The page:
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DNF Reviews: Winterspell, The Iron Trial, and The Child Returns

Tuesday, October 7, 2014
by Claire Legrand

Genre: YA Fantasy   Hardback: 464 Pages
Publication: September 30, 2014 by Simon & Schuster BFYR

The clock chimes midnight, a curse breaks, and a girl meets a prince . . . but what follows is not all sweetness and sugarplums.

New York City, 1899. Clara Stole, the mayor's ever-proper daughter, leads a double life. Since her mother's murder, she has secretly trained in self-defense with the mysterious Drosselmeyer.

Then, on Christmas Eve, disaster strikes.

Her home is destroyed, her father abducted--by beings distinctly not human. To find him, Clara journeys to the war-ravaged land of Cane. Her only companion is the dethroned prince Nicholas, bound by a wicked curse. If they're to survive, Clara has no choice but to trust him, but his haunted eyes burn with secrets--and a need she can't define. With the dangerous, seductive faery queen Anise hunting them, Clara soon realizes she won't leave Cane unscathed--if she leaves at all.

Inspired by The Nutcracker, Winterspell is a dark, timeless fairy tale about love and war, longing and loneliness, and a girl who must learn to live without fear.

The beginning of the story sets the stage pretty well. The words of the Prologue are magical and spin a fantastical tale that has me curious about the world. I will admit that they are confusing and leave me at a lost for what will come next; nevertheless, they're interwoven so beautifully that I was willing to accept them as they are. However, the novel continued to be all over the place and made it hard for me to follow events and get invested in the novel.

Furthermore, I couldn't connect with Clara. I like how Clara is introduced at a public event, showing us a contrast between her public face and her private (inner) self. However, her later behavior proves hopelessly naïve and manipulative. A prime example is how, after finding out a shocking truth, she acts out against Godfather, who she claims to have deeply trusted and cared about and who she claims cares about her. I can understand her wanting to ask questions, but to hurt him and then claim that she deserves answers. . . that was shocking. And it just isn't with Godfather. The relationships of the different characters with each other are poorly developed and hard to figure out.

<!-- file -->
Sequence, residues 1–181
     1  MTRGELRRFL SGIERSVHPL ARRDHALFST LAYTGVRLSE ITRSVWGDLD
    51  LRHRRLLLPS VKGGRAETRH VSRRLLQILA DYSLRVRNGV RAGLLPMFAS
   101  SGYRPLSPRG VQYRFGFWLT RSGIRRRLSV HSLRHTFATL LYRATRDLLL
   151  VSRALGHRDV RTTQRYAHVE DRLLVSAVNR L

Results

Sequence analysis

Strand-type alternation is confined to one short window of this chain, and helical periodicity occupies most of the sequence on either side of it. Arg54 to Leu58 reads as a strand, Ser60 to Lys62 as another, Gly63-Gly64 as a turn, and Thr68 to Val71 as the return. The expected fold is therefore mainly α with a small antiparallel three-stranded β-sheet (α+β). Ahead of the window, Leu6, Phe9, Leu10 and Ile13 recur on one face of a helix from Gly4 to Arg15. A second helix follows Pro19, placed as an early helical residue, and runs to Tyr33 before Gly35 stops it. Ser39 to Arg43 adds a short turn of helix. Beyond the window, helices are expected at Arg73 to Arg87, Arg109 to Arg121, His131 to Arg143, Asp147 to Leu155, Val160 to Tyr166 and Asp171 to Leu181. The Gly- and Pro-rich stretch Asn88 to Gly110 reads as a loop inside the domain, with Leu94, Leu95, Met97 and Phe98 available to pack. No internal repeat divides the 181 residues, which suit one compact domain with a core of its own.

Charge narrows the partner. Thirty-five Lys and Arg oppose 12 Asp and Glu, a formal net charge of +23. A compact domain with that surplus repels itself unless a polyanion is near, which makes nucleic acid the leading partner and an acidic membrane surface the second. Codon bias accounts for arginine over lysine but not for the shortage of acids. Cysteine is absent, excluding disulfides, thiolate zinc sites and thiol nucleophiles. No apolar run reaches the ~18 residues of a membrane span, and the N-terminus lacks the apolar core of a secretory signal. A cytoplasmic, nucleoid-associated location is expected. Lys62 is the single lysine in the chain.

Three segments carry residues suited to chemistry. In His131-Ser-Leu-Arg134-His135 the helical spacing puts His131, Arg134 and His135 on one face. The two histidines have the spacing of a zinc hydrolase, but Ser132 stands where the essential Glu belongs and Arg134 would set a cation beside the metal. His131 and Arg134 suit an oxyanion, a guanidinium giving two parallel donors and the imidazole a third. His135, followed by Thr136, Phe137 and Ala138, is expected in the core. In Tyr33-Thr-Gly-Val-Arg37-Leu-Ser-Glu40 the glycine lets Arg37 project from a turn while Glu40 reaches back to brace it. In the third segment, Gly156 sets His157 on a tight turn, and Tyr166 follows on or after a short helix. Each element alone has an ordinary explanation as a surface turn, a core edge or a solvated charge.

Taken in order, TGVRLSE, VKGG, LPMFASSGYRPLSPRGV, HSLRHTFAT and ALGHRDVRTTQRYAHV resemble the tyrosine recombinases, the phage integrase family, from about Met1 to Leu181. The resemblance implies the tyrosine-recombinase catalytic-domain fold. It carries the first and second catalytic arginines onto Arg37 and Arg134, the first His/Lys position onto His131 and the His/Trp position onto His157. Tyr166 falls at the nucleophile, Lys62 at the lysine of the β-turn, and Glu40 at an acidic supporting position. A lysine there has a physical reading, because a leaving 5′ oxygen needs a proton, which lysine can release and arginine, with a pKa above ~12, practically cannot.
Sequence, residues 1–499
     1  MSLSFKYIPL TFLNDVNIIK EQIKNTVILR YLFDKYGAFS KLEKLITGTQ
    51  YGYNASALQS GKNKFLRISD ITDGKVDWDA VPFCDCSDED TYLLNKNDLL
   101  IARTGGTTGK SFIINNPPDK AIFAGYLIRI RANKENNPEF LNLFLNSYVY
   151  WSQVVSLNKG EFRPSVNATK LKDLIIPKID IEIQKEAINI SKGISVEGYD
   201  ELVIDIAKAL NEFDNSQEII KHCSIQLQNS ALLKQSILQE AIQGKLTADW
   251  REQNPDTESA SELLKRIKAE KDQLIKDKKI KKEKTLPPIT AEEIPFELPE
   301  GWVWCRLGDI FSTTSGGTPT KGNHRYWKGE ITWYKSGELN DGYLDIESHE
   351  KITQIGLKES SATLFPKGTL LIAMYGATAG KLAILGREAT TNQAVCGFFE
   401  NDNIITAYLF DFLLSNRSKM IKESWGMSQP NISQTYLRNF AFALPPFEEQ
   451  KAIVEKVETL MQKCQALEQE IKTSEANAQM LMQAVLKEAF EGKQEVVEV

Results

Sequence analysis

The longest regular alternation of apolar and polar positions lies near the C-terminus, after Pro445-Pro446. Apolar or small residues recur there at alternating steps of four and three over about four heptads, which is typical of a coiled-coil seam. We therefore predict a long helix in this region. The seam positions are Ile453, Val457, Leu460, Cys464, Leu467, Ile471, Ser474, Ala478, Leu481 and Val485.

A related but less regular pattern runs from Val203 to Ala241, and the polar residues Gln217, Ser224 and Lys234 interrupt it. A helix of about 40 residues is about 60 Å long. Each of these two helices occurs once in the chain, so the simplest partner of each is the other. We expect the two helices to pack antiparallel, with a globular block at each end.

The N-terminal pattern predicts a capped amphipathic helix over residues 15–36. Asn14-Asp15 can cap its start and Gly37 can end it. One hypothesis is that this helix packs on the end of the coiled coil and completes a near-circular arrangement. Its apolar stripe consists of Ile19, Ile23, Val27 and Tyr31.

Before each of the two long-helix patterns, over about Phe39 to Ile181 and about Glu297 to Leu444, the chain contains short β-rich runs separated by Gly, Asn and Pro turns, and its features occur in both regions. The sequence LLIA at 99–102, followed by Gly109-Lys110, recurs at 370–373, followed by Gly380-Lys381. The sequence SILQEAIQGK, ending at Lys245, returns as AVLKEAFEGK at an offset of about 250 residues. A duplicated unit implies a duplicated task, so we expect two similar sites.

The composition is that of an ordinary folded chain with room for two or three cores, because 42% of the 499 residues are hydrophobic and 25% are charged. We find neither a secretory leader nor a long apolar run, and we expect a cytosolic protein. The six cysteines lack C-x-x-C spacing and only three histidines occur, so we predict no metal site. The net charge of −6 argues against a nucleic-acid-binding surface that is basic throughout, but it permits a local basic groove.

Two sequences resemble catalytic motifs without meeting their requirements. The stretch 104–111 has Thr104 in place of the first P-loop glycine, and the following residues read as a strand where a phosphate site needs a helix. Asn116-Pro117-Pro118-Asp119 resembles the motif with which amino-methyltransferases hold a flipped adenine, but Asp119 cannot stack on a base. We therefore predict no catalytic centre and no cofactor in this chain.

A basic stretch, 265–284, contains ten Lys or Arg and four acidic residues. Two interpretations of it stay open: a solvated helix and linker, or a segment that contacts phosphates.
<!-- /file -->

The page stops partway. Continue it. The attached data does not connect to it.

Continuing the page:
I had zero interest in following the characters and seeing what happened to them.

DNF 27% into the novel

Content: some nudity, some gore and violence

A copy was provided by Simon & Schuster for review

The Iron Trial
by Holly Black and Cassandra Clare

Genre: MG AdventureFantasyMagic   Hardback: 304 Pages
Publication: September 9, 2014 by Scholastic Press

From NEW YORK TIMES bestselling authors Holly Black and Cassandra Clare comes a riveting new series that defies what you think you know about the world of magic.

From two bestselling superstars, a dazzling and magical middle-grade collaboration centering on the students of the Magisterium, an academy for those with a propensity toward magic. In this first book, a new student comes to the Magisterium against his will -- is it because he is destined to be a powerful magician, or is the truth more twisted than that? It's a journey that will thrill you, surprise you, and make you wonder about the clear-cut distinction usually made between good and evil.

I found it intriguing that The Iron Trial was about a child who didn't want to become a magician. Generally, while it's not uncommon to find a reluctant hero in an MG fantasy read, they don't have a great aversion to magic. However, Callum has been taught by his father from a young age to fear magic, and I found myself drawn to his story. This may be why I kept reading as long as I did even though his voice, quite frankly, bored me from the beginning. I understand that Callum's father has kept a lot from Callum, so the world building is spotty at best. However, I just couldn't feel a connection to Callum and his story.

The Iron Trial reminds me of Melissa Marr and Kelly Armstrong's The Black Well Pages series (read my reviews of the first two books here and here). The story is interesting, and the characters have distinct personalities. However, there isn't much substance to either the characters or the plot.

DNF 25% into the novel

Content: some violence

A copy was provided by Scholastic for review